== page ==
So Much Can Change in a Year

mcconnellMy last post promised to look a tad more closely at the shifting allegiances of the Democratic Party in Los Angeles. If you recall, in the presidential contest of 1860, John Breckinridge edged out his opponents for a victory in Los Angeles County. His 686 votes easily took care of Lincoln’s 352 and poor Bell’s 201. But his margin over the Northern Democrat, Stephen Douglass, was more on the narrow side. Douglas added 494 votes to his column – not enough to take the prize, but roughly even with his Democratic opposition.

Fast forward to the California gubernatorial election on September 4, 1861. Leland Stanford – Republican – took the state handily. But in the Democratic southern part of the state, The Southern Democrat, John McConnell (pictured), absolutely wiped the floor with his Union Democratic opponent, John Conness. In Los Angeles County, for example, McConnell tallied 1187 votes to Conness’s meager 216. How can we account for such a dramatic shift in the Democratic Party?

Perhaps Conness was simply unfit for the job, and everyone knew it. But there may have been more at work that could reveal shifting allegiances typical in a wartime democratic republic. Two things had happened between the elections that may have had a fragile party in Southern California – at least temporarily – look to the southern wing of their organization. First, the Confederacy had bested the United States at Manassas that July. Second, and perhaps more important in a western context, reports that Confederate armies had invaded New Mexico (also in July) with “thousands” of soldiers who were poised to annex New Mexico and Arizona any time (they did so in December without much fanfare or bite…then things really fell apart in 1862) stirred up secessionist feeling in the Southland. Rumors bolstered by the local anti-Lincoln press implied that Rebel troops disguised as miners were also gathering at the Colorado River in preparation to “liberate” Southern California. Nothing, of course, ever came of these highly exaggerated threats (or promises…depending on how you look at it). But such news, however fraudulent, might have been enough to sway the gubernatorial vote.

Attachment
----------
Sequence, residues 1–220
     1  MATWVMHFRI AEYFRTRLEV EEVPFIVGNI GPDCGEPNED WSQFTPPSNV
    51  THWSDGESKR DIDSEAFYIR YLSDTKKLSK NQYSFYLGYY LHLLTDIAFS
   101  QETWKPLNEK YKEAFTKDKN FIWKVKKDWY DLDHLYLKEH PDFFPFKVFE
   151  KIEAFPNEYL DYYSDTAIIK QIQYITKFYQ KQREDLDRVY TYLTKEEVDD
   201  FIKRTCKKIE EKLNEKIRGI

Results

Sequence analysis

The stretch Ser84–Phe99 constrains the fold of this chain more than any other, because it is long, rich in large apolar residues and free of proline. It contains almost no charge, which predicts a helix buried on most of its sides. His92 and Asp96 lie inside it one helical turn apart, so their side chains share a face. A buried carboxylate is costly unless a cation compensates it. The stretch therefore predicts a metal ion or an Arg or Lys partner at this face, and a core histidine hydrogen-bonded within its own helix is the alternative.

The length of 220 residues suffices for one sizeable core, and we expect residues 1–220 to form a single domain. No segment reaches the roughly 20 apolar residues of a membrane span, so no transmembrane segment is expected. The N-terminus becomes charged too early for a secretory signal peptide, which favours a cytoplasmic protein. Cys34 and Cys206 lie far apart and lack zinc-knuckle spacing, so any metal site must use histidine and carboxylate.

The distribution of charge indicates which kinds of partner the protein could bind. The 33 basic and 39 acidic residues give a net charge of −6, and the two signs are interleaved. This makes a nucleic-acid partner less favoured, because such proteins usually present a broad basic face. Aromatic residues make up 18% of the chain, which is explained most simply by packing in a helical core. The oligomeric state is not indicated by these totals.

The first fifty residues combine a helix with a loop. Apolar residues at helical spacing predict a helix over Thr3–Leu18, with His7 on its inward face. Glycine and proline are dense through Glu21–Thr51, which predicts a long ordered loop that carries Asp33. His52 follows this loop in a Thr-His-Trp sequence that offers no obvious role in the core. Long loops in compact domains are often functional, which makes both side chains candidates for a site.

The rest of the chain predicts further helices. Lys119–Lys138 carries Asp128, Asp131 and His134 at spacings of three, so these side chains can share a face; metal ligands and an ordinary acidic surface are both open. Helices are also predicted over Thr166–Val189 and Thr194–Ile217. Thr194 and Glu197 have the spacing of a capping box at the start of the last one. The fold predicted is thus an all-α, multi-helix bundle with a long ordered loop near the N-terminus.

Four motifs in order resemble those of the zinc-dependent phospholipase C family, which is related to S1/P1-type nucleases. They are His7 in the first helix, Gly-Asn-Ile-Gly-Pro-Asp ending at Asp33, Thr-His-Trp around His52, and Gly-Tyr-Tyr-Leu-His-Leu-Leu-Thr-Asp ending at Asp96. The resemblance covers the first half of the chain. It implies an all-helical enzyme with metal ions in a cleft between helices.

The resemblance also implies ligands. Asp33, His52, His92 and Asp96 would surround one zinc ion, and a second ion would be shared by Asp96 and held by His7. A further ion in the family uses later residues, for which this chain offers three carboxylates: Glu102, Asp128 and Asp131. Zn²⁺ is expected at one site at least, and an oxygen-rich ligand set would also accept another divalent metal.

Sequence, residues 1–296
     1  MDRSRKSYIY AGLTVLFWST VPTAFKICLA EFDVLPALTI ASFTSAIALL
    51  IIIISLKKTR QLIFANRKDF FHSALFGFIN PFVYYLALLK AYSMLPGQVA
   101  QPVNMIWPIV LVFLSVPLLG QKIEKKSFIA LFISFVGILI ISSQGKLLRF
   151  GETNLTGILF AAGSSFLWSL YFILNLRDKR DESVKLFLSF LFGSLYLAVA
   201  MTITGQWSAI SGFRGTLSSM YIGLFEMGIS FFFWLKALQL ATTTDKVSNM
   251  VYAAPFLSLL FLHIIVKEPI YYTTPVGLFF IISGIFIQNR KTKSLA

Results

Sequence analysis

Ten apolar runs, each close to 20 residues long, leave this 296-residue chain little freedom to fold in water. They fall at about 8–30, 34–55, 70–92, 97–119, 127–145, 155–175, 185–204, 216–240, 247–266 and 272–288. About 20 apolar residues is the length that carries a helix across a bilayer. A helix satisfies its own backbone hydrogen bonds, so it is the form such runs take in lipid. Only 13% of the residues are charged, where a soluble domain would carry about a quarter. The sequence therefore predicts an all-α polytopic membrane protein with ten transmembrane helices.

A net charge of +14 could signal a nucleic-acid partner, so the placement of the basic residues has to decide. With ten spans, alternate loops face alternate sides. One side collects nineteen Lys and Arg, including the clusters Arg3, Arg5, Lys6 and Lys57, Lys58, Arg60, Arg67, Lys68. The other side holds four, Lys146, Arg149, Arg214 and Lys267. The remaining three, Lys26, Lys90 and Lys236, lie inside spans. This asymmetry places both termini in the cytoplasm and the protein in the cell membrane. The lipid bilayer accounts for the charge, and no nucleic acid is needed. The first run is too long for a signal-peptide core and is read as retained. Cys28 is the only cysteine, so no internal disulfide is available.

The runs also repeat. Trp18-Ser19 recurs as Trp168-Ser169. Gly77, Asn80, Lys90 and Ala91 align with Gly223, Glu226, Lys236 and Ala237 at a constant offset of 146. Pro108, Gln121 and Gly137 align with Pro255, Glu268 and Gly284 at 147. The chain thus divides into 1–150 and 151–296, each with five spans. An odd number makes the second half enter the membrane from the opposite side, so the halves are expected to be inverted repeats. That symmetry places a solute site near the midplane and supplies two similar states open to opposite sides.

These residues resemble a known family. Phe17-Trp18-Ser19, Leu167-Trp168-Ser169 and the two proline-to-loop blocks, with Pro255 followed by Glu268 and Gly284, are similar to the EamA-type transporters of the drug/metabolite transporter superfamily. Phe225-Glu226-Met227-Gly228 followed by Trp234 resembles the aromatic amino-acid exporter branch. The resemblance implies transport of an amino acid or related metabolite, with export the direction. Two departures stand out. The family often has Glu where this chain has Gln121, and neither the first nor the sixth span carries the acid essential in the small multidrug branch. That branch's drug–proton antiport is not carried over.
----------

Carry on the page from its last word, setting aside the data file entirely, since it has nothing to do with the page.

At any rate, the idea is worth looking into further. Thoughts?

With compliments,

Keith

John W. Robinson Sees Gray

Picture 2Recently, I wrote a brief post reflecting on the presence of Confederate sympathies in Southern California. I concluded that Southern California – while clearly Democratic – was not necessarily Confederate. Perhaps they other things on their minds…perhaps. At any rate, I was not convinced that legions of Southern Californians were ready to rally around the Stars and Bars.

A commenter very nicely suggested that a look at John W. Robinson’s Los Angeles in Civil War Days, 1860-1865 might help me along in my thinking. So I have had a chance to read Robinson over the weekend and I am still not convinced, as Robinson’s cover would have you believe, that Los Angeles (or any other Southern California city) counted among its residents a “clear majority” of secessionists.

I will be the first to admit that the Confederacy had its proponents in the City of Angels. The “Chivalry,” as they were known – a group of southerners who resided in the Los Angeles area and stood firmly behind secession – were an influential lot and boasted some prominent members among its ranks.

But Robinson analyses this group and a few of its confreres in some troubling ways. To begin. Robinson notes little of the ebb and flow of wartime allegiances until the very last few pages of the book, when Union victory and Lincoln’s assassination pulled Angelenos together. Robinson’s Los Angeles is a mostly unbending city where residents shift little with news from the East – an unlikely tale as voting records alone would indicate between 1860 and 61 (more on that later).